An evolutionarily conserved NIMA-related kinase directs rhizoid tip growth in the basal land plant Marchantia polymorpha

Kento Otani, Kimitsune Ishizaki, Ryuichi Nishihama, Shogo Takatani, Takayuki Kohchi, Taku Takahashi, Hiroyasu Motose

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Tip growth is driven by turgor pressure and mediated by the polarized accumulation of cellular materials. How a single polarized growth site is established and maintained is unclear. Here, we analyzed the function of NIMA-related protein kinase 1 (MpNEK1) in the liverwort Marchantia polymorpha. In the wild type, rhizoid cells differentiate from the ventral epidermis and elongate through tip growth to form hair-like protrusions. In Mpnek1 knockout mutants, rhizoids underwent frequent changes in growth direction, resulting in a twisted and/or spiral morphology. The functional MpNEK1-Citrine protein fusion localized to microtubule foci in the apical growing region of rhizoids. Mpnek1 knockouts exhibited increases in both microtubule density and bundling in the apical dome of rhizoids. Treatment with the microtubule-stabilizing drug taxol phenocopied the Mpnek1 knockout. These results suggest that MpNEK1 directs tip growth in rhizoids through microtubule organization. Furthermore, MpNEK1 expression rescued ectopic outgrowth of epidermal cells in the Arabidopsis thaliana nek6 mutant, strongly supporting an evolutionarily conserved NEK-dependent mechanism of directional growth. It is possible that such a mechanism contributed to the evolution of the early rooting system in land plants.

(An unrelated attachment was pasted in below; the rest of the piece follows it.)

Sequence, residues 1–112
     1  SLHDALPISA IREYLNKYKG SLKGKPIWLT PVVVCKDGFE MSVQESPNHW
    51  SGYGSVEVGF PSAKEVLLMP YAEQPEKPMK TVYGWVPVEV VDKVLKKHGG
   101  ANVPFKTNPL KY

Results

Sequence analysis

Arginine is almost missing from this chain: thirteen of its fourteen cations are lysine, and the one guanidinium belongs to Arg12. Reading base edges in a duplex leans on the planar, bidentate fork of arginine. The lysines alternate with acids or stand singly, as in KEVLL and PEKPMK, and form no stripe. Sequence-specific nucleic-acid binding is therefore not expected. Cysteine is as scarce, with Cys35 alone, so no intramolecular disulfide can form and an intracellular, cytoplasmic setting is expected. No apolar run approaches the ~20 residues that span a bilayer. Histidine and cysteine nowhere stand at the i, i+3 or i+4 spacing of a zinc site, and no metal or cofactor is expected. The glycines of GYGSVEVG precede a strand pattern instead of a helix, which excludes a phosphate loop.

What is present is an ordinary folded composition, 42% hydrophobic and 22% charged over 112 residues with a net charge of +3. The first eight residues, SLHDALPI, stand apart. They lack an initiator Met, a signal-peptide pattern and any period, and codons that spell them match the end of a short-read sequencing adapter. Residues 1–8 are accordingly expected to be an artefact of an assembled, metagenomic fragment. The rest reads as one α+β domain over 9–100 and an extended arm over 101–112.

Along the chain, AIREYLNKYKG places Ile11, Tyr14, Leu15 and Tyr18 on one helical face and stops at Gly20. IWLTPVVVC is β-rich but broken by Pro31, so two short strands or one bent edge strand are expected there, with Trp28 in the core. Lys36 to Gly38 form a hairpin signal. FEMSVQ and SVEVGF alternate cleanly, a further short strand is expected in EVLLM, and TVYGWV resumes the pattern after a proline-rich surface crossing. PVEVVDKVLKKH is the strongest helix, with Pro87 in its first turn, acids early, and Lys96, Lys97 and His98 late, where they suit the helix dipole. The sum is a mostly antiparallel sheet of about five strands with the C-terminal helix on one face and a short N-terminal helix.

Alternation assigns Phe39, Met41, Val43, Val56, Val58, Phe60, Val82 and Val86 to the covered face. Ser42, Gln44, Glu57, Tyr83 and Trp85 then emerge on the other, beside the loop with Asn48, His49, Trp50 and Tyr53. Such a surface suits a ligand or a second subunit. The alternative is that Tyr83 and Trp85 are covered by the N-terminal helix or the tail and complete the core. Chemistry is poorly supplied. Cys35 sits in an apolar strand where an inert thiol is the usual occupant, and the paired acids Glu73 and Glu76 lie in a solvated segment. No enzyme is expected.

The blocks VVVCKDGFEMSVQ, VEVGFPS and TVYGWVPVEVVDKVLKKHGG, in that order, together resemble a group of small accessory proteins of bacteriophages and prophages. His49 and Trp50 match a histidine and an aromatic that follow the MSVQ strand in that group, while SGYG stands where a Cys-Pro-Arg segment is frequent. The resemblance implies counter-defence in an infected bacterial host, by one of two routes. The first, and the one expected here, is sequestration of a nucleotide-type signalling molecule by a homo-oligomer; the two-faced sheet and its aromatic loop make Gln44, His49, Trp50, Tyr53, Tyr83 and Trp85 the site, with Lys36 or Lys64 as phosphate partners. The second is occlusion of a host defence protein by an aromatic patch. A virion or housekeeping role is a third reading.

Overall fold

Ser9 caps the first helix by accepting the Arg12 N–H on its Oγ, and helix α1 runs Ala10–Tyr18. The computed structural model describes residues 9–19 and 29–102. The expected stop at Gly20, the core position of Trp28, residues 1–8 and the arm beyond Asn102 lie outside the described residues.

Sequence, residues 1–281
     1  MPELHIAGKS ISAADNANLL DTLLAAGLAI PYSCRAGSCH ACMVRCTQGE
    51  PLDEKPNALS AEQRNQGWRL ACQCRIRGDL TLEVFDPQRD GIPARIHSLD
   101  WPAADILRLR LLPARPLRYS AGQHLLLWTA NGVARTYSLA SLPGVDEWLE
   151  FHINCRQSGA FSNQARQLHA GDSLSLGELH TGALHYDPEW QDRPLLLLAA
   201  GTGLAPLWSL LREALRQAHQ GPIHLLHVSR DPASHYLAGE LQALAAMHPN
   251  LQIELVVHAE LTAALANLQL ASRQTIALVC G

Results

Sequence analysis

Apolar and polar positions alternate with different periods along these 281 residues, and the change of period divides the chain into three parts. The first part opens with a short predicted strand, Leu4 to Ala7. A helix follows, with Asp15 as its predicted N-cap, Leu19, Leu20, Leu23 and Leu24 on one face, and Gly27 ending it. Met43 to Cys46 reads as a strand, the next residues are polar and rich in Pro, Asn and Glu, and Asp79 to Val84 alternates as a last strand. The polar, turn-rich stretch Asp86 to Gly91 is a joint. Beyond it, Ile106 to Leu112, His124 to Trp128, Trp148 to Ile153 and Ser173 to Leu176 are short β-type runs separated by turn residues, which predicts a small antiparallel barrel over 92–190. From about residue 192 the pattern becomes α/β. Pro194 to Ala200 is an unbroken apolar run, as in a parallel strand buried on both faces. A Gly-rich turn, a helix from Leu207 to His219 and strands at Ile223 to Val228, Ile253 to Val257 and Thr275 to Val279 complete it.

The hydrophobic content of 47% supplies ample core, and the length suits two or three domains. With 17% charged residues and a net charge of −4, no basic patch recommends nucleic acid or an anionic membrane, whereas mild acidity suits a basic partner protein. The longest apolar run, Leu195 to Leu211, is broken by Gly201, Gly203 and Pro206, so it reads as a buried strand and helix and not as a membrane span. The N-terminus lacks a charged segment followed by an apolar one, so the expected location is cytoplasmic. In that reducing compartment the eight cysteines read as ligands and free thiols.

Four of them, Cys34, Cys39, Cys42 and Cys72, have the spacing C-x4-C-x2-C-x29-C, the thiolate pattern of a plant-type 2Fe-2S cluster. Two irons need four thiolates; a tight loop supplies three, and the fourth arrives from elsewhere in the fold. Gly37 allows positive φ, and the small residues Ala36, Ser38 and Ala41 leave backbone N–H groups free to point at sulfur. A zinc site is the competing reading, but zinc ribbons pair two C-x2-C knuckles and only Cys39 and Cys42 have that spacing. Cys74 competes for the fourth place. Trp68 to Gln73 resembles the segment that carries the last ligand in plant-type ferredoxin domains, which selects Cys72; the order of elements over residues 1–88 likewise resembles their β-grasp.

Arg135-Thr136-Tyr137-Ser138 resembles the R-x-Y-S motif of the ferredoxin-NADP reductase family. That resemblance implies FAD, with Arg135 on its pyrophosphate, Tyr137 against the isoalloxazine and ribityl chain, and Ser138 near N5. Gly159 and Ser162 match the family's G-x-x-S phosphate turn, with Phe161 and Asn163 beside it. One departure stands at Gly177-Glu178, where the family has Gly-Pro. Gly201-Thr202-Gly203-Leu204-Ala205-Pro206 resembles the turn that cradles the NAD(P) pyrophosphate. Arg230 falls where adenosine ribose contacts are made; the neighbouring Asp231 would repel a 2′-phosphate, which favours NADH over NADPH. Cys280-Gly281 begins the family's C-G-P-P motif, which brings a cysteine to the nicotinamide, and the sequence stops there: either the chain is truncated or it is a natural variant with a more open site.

Original languageEnglish
Article numberdev154617
JournalDevelopment (Cambridge)
Issue number5
Publication statusPublished - Mar 1 2018



  • Cell polarity
  • Marchantia polymorpha
  • NIMA-related kinase
  • Rhizoid
  • Tip growth

ASJC Scopus subject areas

  • Molecular Biology
  • Developmental Biology

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